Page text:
March 2020 would have more than wiped out equity capital in such a strategy, explaining the stress during this period. To the extent these strategies live inside of multimanagers, other capital may have been injected during this period.
One final question: how big is the basis trade (after all we need some context to quantify the systematic risk). Well, the answer is nobody knows because the breakdown of how much regulatory capital is allocated to basis trades is secret, and is why the SEC is now demanding more clarity and will start treating basis traders as dealers.
According to the TBAC, recent research from the Fed suggests that the basis trade has grown in size lately, similar to levels seen in 2018-2019. They cite the futures data, but also show some evidence from the sponsored repo market and collateral posting data, shown below:
Another piece of research released in September of 2023 quantifies the basis trade at $550BN. The authors used data from form PF, and the size seems fairly consistent with size of futures exposure at the time.
Bottom line, the TBAC writes, “estimating size of relative-value AUM is hard especially as a large portion of capital pursuing these strategies may be embedded in multimanager hedge-funds, where little public data on sub-strategy allocations is available.”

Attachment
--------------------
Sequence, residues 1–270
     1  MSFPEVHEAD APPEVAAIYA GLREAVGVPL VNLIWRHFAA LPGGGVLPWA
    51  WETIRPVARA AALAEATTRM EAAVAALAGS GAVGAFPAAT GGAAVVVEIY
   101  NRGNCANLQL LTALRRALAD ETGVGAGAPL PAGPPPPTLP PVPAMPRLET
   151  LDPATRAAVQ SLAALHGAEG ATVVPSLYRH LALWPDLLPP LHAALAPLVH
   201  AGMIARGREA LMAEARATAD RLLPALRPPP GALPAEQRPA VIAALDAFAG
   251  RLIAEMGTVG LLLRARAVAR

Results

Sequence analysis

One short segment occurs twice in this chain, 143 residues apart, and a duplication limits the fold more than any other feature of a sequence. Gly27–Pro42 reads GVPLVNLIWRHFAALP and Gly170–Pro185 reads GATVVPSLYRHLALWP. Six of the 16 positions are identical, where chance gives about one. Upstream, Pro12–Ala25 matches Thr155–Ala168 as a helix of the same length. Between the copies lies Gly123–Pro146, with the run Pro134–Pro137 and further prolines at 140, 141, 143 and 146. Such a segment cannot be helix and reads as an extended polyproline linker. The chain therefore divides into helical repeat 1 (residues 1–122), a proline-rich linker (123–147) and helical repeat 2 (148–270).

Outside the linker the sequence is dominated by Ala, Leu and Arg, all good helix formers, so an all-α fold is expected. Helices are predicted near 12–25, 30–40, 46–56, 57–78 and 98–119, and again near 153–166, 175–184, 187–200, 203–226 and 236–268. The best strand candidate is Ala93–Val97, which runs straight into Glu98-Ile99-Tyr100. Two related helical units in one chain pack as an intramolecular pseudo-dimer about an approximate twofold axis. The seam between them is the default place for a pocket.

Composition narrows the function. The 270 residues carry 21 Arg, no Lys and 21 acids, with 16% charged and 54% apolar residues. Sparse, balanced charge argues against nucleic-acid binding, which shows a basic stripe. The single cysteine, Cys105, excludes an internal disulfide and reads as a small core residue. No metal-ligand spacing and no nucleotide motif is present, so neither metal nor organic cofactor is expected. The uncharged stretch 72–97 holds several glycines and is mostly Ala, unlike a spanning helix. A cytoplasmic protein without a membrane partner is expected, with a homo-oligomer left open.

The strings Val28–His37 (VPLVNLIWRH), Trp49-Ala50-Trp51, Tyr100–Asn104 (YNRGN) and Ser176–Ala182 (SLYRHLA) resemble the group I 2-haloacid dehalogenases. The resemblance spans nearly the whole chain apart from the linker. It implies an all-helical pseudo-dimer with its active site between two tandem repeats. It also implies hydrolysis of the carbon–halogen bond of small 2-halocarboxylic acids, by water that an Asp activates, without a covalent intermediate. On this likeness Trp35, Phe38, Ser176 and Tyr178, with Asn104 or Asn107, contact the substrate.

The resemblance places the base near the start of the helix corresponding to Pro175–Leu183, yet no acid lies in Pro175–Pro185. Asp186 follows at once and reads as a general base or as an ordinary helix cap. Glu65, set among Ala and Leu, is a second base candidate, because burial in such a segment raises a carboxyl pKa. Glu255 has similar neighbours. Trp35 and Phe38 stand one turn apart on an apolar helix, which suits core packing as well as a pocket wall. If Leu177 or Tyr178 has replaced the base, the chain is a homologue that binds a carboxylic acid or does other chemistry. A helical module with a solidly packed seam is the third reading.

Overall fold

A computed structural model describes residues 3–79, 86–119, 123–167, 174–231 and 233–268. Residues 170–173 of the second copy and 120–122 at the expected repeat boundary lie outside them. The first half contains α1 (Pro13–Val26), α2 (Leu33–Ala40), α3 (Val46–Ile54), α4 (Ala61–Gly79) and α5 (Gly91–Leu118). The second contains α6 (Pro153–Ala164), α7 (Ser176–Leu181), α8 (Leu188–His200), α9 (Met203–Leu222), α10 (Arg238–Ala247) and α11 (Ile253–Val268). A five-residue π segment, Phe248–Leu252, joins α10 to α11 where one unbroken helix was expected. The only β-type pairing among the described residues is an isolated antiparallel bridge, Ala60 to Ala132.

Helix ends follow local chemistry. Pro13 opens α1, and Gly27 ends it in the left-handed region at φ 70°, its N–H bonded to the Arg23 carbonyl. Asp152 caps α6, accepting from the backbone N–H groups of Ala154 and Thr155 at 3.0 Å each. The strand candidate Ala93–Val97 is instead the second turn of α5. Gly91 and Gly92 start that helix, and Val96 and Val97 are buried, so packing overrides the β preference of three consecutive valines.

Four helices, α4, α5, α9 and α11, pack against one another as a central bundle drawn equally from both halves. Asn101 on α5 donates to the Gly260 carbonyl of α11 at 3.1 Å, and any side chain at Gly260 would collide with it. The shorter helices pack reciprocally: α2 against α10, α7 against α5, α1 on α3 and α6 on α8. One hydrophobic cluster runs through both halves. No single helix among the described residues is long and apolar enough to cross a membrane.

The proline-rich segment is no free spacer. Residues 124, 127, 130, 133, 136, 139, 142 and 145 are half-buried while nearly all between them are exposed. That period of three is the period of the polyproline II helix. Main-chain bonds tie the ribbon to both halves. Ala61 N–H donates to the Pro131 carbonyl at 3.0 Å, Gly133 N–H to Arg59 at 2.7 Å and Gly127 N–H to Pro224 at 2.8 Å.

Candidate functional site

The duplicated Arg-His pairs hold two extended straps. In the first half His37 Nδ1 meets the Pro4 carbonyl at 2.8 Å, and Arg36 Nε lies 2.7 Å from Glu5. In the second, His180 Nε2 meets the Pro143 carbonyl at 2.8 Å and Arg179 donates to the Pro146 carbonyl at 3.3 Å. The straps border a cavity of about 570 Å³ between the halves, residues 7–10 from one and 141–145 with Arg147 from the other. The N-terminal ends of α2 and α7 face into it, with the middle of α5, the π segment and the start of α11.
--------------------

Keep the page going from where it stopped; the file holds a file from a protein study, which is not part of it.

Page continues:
Which explains why the SEC is now scrambling to figure out just how much capital is truly allocated to basis trades within multi-manager/multi-strat hedge funds, but based on our quick look at regulatory leverage, the actual amount allocated to basis is orders of magnitude greater than $550BN, more likely in the $2+ trillion ballpark across the entire global hedge fund industry.
And there you have it: all the basis trade is, is the latest manifestation of the “collecting pennies in front of a steamroller” trade, because when it works it generates 10% returns every year like clockwork, with the only gating factor being how much leverage a hedge fund has access to.